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posted by janrinok on Friday April 28 2023, @11:09AM   Printer-friendly

UK government blocks Microsoft's proposed Activision purchase

In its long-awaited final report, the United Kingdom's Competition and Markets Authority said that Microsoft's proposed $69 billion acquisition of Activision would "result in a substantial lessening of competition" (SLC) in the supply of cloud-gaming services in the UK. As such, the regulator said that "the only effective remedy to this SLC and its adverse consequences is to prohibit the Merger."

The final report cites Microsoft's "strong position" in the cloud-gaming sector, where the company has an estimated 60 to 70 percent market share that makes it "already much stronger than its rivals." After purchasing Activision, the CMA says Microsoft "would find it commercially beneficial to make Activision's titles exclusive to its own cloud gaming service."

Microsoft has in recent months signed deals with Nvidia and smaller cloud-gaming providers in an attempt to "mak[e] even more clear to regulators that our acquisition of Activision Blizzard will make Call of Duty available on far more devices than before," as Microsoft Vice Chair and President Brad Smith said in a statement last month. But the CMA said these kinds of cloud-gaming deals—which Microsoft submitted to the CMA as a proposed remedy for any anticompetitive effects of the merger—were "limited to cloud gaming providers with specific business models" and thus not sufficient to address the regulator's concerns.

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Microsoft's president has attacked the UK after it was blocked from buying US gaming firm Activision, saying the EU was a better place to start a business.

The move was "bad for Britain" and marked Microsoft's "darkest day" in its four decades of working in the country, Brad Smith told the BBC.

The regulator hit back saying it had to do what's best for people, "not merging firms with commercial interests".

The UK's move means the multi-billion dollar deal cannot go ahead globally.

Although US and EU regulators have yet to decide on whether to approve the deal, the UK regulator the Competition and Markets Authority (CMA) said: "Activision is intertwined through different markets - it can't be separated for the UK. So this decision blocks the deal from happening globally."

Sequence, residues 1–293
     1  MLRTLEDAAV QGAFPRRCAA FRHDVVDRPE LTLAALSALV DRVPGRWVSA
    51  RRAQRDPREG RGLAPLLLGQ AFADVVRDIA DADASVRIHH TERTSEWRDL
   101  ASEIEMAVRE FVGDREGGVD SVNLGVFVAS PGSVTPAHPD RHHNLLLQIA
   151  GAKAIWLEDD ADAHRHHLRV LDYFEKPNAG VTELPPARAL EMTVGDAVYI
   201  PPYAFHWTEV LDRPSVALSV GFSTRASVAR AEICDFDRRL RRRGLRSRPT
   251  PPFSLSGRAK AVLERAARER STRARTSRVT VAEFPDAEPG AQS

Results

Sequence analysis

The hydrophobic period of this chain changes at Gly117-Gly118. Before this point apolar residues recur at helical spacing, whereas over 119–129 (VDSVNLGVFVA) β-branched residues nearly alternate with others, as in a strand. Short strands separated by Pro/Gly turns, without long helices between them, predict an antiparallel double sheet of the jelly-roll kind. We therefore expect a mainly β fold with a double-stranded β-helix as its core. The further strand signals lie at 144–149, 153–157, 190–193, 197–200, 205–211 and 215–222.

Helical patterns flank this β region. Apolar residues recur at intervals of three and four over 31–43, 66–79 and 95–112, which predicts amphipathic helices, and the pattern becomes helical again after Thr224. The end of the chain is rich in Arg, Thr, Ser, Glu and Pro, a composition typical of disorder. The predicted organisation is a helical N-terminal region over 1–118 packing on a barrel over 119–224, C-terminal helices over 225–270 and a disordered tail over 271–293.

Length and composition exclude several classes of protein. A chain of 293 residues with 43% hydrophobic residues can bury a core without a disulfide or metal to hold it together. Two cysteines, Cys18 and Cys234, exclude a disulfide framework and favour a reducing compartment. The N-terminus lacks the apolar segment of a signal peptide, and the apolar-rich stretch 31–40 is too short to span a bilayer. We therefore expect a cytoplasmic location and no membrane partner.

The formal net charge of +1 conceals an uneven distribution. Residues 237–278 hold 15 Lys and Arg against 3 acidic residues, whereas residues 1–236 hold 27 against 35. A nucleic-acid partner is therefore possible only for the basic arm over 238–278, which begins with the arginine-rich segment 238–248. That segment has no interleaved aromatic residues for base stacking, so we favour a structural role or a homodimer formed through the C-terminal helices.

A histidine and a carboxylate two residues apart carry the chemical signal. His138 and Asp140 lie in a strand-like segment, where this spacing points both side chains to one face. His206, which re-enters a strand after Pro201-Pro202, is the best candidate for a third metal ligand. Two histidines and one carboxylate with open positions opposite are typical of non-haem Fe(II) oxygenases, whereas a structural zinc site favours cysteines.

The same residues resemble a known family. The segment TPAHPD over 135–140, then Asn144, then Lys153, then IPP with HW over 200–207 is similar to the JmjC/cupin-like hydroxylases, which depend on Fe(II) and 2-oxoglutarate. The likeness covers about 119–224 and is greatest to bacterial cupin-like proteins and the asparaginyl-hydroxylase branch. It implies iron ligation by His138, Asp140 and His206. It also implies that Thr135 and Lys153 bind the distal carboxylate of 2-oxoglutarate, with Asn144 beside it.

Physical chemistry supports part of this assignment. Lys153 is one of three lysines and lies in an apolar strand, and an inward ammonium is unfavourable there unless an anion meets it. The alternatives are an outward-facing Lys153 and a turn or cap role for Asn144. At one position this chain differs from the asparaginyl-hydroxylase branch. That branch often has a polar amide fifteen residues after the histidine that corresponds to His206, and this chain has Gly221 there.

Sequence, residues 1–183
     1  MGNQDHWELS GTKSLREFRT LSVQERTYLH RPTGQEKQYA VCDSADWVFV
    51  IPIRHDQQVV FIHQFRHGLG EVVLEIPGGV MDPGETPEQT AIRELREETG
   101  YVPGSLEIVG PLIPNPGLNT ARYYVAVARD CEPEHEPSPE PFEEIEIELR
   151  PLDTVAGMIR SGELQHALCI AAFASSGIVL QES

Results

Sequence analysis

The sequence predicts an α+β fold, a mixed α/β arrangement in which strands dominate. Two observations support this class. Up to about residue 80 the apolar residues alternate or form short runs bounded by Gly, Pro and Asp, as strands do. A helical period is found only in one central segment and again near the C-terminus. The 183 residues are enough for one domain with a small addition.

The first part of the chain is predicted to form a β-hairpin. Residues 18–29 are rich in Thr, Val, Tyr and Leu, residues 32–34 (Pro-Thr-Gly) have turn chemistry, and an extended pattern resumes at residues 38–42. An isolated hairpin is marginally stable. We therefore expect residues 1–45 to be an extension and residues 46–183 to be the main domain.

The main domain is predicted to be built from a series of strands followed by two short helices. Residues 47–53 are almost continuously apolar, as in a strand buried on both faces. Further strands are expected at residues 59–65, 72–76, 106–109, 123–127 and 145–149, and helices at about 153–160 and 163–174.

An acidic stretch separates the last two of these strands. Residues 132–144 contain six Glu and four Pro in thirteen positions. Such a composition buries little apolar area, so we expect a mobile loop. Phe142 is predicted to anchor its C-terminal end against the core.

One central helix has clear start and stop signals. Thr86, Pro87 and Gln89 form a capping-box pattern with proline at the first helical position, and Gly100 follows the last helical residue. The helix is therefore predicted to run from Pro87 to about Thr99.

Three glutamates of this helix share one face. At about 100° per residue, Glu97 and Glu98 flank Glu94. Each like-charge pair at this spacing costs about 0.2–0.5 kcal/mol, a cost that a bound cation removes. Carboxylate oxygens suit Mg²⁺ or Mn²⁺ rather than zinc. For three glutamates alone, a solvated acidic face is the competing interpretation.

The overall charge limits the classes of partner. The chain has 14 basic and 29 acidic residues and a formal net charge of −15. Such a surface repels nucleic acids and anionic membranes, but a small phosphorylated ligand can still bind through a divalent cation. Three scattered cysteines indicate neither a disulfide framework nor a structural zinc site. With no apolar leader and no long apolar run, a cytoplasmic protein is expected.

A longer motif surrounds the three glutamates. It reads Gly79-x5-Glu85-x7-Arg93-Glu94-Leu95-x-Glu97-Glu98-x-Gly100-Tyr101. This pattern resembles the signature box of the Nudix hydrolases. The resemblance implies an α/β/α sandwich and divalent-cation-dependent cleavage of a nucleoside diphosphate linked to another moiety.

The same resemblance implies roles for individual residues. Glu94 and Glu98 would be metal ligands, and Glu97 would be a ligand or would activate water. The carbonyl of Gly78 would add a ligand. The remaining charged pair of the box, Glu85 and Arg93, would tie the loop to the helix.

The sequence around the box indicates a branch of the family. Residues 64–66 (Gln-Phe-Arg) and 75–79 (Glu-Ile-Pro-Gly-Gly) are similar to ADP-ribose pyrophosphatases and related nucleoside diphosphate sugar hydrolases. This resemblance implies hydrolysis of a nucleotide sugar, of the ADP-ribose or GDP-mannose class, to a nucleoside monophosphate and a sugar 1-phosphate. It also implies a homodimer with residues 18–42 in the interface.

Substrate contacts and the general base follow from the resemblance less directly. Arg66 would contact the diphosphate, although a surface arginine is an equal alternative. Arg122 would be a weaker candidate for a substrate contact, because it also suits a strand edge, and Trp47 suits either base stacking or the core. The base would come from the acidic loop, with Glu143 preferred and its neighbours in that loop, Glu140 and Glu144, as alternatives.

If it had been approved, the $68.7bn (£55bn) deal would have been the gaming industry's biggest ever takeover, and would have seen Microsoft get hold of massively popular games titles such as Call of Duty, Candy Crush and World of Warcraft.

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  • (Score: 4, Insightful) by Thexalon on Friday April 28 2023, @11:19AM (2 children)

    by Thexalon (636) on Friday April 28 2023, @11:19AM (#1303605)

    I mean, it's not like Microsoft has ever done anything anti-competitive before, like, say, leveraging an operating system monopoly to eliminate an application that ran on it that they didn't like. And in this case, I'm sure they haven't even dreamed of using control of the game catalog to try to force people to buy X-Boxes rather than Playstations.

    The only thing that stops a bad guy with a compiler is a good guy with a compiler.
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  • (Score: 5, Funny) by Gaaark on Friday April 28 2023, @11:28AM

    by Gaaark (41) on Friday April 28 2023, @11:28AM (#1303607) Journal

    Yeah: you reap what you sow, Microsoft.

    From the MOTD: "Jesus may love you, but I think you're garbage wrapped in skin." -- Michael O'Donohugh

    This ^ is Microsoft.

    --- Please remind me if I haven't been civil to you: I'm channeling MDC. ---Gaaark 2.0 ---
  • (Score: 2) by canopic jug on Friday April 28 2023, @01:23PM

    by canopic jug (3949) Subscriber Badge on Friday April 28 2023, @01:23PM (#1303621) Journal

    Why quote only the m$ owned and controlled press and pseudo press?

    I prefer Cory Doctorow's take on it, that the UK has prevented a convicted monopolist from re-offending []. Really everyone should be breathing a sigh of relief at this decision, especially gamers.

    M$ acquired the DOS monopoly from IBM via Bill's mother and has only ever had one trick in its bag: abusing and extending the existing monopolies into new markets. Right now the primary means they have are the OEM monopoly and the productivity software format monopoly. With the arrival of Android, though, the OEM monopoly is starting to matter very little forcing to branch out more into selling 'bug doors' to various agencies around the world. That may have been tolerable to some, but not all, while things were cooler but now that war is spreading, especially hybrid war, any presence of m$ products in mission-critical services is truly unacceptable.

    Money is not free speech. Elections should not be auctions.